Australians would need to wait more than a decade to enjoy any cost benefit from driving an electric vehicle instead of a petrol one, new analysis has found, as worldwide growth of low-emissions car sales continues to outstrip those domestically.
New modelling on the potential long-term savings has revealed that with an average $40,000 difference in purchase price between the electric and petrol models, an electric purchase would need up to 16 years to provide savings to Australian motorists.
The average age of Australia’s vehicle fleet is about 10 years, although more than 30 per cent of vehicles on the road are less than five years old.
However, for environmentally conscious drivers, in just two years a petrol car generates more carbon than an EV over its lifetime, despite electric cars being more emissions-intense to manufacture.
Many of the world’s leading economies have pledged thousands of dollars of subsidies to speed up the transition away from petrol and diesel cars in the coming decade as they strive to hit key emissions reductions targets under the Paris Agreement and head toward net zero by 2050.
For the first time in history last month, an electric car has topped Britain’s bestseller list – Tesla’s electric Model 3 – with electric cars accounting for more than 15 per cent of all car purchases. In New Zealand, more Tesla Model 3s were registered in September than Toyota Hiluxes, the 1066 sales five times that of the previous month and half of all sales so far in 2021.
The analysis, by price comparison website Compare the Market, found Australian drivers would save money eventually by choosing an EV over a petrol car because of the reduced servicing costs and it being cheaper to charge a battery than to refill a tank of petrol.
Electric cars are expected to fall in price in Australia to an average of $41,184 by 2030 while increasing their battery range to 750 kilometres between charges by 2030, up from around 450 kilometres.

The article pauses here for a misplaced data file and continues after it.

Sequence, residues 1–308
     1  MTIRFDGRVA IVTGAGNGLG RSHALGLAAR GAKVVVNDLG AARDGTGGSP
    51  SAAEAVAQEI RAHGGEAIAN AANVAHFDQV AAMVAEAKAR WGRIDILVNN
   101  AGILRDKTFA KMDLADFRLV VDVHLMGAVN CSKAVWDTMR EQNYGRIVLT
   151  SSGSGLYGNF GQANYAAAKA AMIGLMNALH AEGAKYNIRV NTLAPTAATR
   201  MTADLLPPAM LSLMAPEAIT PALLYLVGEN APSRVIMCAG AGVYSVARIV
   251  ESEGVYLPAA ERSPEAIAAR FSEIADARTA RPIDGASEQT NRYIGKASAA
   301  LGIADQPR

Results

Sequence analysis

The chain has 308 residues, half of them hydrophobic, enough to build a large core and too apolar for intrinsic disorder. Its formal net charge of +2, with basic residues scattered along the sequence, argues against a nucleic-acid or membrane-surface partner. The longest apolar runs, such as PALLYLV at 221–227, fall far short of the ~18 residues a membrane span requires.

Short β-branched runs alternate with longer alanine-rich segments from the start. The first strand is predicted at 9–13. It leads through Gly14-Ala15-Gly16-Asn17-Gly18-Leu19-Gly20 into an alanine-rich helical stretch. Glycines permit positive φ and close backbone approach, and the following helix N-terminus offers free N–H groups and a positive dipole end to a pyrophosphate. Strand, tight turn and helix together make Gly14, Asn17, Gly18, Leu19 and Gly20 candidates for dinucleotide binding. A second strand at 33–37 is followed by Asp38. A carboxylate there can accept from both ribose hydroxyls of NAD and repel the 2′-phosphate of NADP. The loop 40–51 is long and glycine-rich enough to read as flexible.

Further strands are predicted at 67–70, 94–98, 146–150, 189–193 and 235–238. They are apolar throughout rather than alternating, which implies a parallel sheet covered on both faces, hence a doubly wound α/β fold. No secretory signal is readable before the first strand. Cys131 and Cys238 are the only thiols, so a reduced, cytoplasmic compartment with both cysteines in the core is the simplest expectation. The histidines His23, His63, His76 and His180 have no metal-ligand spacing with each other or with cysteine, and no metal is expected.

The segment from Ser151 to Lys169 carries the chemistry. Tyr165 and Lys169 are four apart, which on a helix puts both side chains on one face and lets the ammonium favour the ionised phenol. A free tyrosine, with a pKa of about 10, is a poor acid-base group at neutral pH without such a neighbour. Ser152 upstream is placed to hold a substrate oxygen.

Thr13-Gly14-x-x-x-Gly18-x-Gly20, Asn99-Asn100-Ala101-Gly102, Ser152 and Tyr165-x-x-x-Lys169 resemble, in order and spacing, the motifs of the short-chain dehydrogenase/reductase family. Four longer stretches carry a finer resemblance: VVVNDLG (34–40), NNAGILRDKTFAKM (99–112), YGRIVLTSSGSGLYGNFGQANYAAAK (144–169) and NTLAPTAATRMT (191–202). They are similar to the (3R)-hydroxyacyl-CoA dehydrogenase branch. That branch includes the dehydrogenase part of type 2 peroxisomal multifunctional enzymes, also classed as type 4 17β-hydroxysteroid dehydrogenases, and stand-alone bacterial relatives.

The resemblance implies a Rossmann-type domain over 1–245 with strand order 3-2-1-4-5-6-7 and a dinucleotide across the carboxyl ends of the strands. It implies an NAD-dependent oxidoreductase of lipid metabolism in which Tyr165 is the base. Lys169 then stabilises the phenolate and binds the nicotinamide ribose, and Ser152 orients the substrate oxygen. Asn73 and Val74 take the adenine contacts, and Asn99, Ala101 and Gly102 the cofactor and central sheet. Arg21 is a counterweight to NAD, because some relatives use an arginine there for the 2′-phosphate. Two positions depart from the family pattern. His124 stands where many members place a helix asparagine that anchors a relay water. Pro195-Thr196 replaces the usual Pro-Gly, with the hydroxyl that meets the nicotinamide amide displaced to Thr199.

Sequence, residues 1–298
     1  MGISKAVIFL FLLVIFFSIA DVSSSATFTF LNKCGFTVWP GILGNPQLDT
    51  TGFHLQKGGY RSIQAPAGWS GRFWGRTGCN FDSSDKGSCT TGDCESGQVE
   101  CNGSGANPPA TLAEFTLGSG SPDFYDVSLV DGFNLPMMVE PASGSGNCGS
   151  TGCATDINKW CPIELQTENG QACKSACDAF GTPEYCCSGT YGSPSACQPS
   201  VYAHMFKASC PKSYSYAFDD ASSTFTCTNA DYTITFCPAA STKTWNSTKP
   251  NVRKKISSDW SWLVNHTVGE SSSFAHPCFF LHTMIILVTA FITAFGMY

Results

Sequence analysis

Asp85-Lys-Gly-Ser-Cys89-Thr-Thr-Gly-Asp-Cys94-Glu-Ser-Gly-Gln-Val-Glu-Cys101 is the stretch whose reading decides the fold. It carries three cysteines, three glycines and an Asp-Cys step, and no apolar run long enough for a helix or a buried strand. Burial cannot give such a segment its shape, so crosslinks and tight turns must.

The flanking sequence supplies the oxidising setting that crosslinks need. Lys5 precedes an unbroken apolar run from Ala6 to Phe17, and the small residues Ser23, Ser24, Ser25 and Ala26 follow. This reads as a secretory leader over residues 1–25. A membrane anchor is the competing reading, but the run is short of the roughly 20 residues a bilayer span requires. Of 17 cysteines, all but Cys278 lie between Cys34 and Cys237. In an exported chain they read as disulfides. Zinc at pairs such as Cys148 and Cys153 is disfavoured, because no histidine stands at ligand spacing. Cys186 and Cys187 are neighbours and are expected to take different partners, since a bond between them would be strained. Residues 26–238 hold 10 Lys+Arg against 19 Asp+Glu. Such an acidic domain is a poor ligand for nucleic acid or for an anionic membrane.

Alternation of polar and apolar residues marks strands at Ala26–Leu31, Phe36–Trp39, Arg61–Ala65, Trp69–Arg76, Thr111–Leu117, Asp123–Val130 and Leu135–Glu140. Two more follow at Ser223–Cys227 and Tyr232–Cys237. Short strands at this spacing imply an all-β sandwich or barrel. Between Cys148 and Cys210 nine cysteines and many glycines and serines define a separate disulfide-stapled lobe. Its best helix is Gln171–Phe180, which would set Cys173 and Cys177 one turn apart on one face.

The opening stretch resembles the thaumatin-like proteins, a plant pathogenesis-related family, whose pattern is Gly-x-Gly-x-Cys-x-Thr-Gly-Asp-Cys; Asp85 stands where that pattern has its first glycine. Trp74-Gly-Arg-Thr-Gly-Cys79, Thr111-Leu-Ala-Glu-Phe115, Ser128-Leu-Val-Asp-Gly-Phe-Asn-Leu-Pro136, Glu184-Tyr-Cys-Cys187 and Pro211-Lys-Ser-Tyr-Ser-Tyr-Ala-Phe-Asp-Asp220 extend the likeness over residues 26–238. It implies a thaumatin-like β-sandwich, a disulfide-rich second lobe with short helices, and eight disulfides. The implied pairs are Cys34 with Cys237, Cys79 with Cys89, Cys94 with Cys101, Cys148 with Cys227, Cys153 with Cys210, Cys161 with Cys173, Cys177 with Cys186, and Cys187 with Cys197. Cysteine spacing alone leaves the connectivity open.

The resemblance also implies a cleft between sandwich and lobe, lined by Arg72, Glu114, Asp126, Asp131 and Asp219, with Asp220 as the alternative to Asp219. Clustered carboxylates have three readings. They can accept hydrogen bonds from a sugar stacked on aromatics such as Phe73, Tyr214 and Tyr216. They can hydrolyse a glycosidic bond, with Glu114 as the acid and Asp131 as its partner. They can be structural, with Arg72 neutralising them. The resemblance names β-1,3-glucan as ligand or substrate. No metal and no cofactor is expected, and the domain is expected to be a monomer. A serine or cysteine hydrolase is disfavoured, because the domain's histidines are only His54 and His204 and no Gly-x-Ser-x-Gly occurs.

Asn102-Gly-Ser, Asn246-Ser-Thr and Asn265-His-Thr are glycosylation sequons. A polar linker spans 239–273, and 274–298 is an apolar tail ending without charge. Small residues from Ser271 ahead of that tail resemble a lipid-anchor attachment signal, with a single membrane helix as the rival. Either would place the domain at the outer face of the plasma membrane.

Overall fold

The comparison site analysed the current average lifetime running costs of an electric vehicle, compared with petrol and hybrid models of the Hyundai Kona SUV to determine the most affordable model over time.
It found that if it was not for the increased manufacturing costs – which are almost 50 per cent higher than a petrol vehicle – an electric car would be the cheapest by a long way. The analysis found that a petrol-powered Kona cost around 4000 per cent more in annual refuelling costs – around $2531 – than it did to recharge the electric car at $55.50.
For the hybrid equivalent, the cost of purchase sits between the other two models at $42,942 with the long-term running costs exceeding that of the EV after 12 years of ownership but never become more affordable than the petrol model. Total hybrid car emissions don’t drop below those of a petrol car until about four years after purchase.
Electric vehicles can achieve an equivalent fuel economy of 55kms per litre of petrol, the same as a 50-litre petrol car driving 2750kms before refuelling.
The Compare the Market analysis found that at 13 tonnes each, the process of manufacturing both hybrid and electric vehicles produces more carbon dioxide than the manufacturing of petrol engine vehicles (10.5 tonnes).
Data released by the Electric Vehicle Council in August revealed there was a 169 per cent increase in electric vehicle sales from the first half of 2020 to the same period this year.
But despite 31 models now available in Australia, only 14 of them are priced under $65,000, while the average cost of a petrol or diesel car ranges between $20,000 and $50,000.
Behyad Jafari, the chief executive of the Electric Vehicle Council, said research commissioned by his organisation had found the majority of Australians were keen on electric cars but wanted to see governments take action to make them cheaper to buy.
“The benefits to the environment and household savings are clear, so it makes perfect sense to support Aussie consumers to move away from petrol and into an electric vehicle,” he said.
“We can see clearly from the rest of the world that when governments put those policies in place, the market skyrockets. The modern automotive industry has heard this message loud and clear. If you don’t give your customers an electric option, they won’t stay your customer for long.”
The federal government has been heavily criticised by carmakers and advocacy groups for its refusal to set targets in the sector and previous public ridicule of the technology. It last year ruled out subsidising new cars to incentivise widespread uptake.
Government modelling found subsidies for battery electric vehicles was not value-for-money for taxpayers and was an expensive form of abatement and is optimistic that the total cost of ownership gap between EVs and internal combustion engine vehicles will close in the coming years.